Civilian casualties in Afghanistan aren’t actually down

TW: occupation of Afghanistan, civilian casualties

If you read Democracy Now! today, you might have been greeted by one misleading headline: “UN: Afghan Civilian Casualties See First Decline in 6 Years“. On its face, that’s a true claim that indeed the UN’s own press release confirms. As far as they can tell, fewer non-combatant civilians were killed in Afghanistan in 2012 than 2011, and no previous set of consecutive years in the occupation has had that same relationship. That being said, that state has a context.

Most obviously, this is the first year with fewer such casualties in the history of the occupation – which is one of the longest in modern politics. For a single drop now to actually translate into substantive and immediate good news, it would have to be significant. Unfortunately looking over the UN report on earlier years’ casualties (available here, on page 1), it’s quite clear that the current number of casualties in 2012 (2,754) is still significantly higher than any year prior to 2010.


(Civilian deaths in Afghanistan topped 2,000 in 2008 and 3,000 in 2011, before declining last year, from the aforementioned UN report.)

Much like the number of casualties among US troops in Afghanistan, comparing the figures before, during the implementation of, and during its more recent years the surge may provide us with some sense of the impact of that policy. Just as Rachel Maddow previously pointed out about the number of casualties among our troops, the number of deaths skyrocketed under the surge when much of the conflict in the country was willfully reignited. Virtually no one disputes that fact – but many, including the Obama administration, have presented the surge as a successful strategy, since over time the number of troop casualties diminished. The same trend can be seen in civilian casualties – as the surge continued, many conflicts were forcibly resolved, in some sense “solving” the problem.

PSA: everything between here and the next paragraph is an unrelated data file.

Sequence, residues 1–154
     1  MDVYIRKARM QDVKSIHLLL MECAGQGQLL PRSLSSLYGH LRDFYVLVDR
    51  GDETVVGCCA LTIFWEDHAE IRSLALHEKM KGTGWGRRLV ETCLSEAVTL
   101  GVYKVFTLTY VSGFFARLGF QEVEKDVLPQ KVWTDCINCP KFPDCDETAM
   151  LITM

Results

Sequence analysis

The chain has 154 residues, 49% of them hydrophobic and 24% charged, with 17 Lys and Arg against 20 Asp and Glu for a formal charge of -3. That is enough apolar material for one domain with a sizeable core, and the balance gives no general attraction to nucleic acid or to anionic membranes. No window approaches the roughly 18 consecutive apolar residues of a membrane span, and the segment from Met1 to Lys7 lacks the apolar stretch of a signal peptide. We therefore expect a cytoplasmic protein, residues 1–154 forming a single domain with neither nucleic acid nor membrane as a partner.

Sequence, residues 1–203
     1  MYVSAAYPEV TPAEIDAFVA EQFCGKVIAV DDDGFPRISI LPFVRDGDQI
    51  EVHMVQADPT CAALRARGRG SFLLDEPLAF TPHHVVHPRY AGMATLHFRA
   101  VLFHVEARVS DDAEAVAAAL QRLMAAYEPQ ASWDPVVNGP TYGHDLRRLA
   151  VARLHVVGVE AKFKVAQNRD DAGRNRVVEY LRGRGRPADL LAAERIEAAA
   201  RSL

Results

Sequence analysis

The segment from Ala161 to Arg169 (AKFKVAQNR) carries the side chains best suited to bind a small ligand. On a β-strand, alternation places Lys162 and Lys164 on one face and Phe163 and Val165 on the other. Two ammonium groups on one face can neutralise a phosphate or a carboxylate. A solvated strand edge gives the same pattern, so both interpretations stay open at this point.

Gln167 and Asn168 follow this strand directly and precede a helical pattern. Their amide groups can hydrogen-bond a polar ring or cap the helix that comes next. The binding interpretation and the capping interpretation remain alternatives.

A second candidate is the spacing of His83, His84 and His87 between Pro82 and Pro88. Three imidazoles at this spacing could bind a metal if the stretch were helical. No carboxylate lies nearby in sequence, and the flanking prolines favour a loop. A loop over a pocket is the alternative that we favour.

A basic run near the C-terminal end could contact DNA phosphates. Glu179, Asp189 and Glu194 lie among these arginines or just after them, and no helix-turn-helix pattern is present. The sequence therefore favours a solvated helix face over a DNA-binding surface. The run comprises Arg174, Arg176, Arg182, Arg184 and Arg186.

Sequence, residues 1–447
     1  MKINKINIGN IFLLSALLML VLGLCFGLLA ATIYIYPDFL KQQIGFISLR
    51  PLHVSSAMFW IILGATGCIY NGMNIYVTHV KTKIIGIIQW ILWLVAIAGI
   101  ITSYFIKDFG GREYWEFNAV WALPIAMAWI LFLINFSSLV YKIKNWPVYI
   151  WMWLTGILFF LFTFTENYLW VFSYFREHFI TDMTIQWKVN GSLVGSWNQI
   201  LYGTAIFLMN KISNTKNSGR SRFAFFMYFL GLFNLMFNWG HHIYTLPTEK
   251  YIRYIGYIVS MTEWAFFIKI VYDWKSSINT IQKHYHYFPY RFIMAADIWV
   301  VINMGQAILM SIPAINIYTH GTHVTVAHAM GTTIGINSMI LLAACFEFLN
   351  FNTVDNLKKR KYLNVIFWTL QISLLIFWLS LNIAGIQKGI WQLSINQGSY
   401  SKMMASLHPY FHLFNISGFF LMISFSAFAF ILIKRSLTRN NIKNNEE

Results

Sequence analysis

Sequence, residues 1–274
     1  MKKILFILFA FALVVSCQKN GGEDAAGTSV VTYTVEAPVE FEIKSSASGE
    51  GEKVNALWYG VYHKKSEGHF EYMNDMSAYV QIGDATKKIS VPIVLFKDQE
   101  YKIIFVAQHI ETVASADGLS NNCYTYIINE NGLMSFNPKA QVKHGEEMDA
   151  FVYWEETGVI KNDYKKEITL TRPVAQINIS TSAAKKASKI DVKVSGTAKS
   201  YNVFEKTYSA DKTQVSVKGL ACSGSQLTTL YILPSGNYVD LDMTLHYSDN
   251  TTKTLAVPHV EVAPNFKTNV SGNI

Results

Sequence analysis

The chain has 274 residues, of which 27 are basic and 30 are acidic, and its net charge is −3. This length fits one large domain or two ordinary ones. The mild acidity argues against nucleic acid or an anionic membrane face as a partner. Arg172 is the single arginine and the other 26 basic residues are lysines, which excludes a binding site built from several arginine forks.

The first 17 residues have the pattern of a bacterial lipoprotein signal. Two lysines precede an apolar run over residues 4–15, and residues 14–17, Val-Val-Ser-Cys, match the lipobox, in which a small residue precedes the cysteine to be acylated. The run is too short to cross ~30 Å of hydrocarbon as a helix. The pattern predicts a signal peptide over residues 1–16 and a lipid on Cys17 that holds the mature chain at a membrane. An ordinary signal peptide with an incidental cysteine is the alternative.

But comparing either the casualties among troops or civilians between the most recent years and those just before the surge’s implementation suggests that this isn’t a case of bitter tasting medicine. The number of deaths is stabilizing, typically with a larger number than prior to the surge. Putting more boots on the ground doesn’t seem like it will reduce violence in either the short or the longer term.


(US troops’ casualties in Afghanistan, as reported on by Rachel Maddow, here. The red arrows indicate November 2009, before the surge, and November 2012, when it had been in place for two consecutive years, marked with the red bracket.)

Ultimately, this is indeed good news. Compared to 2011, a few hundred Afghan civilians lived last year. But compared to 2009, that number could possibly have been a few hundred more. It’s worth asking whether US policy in Afghanistan could be better.

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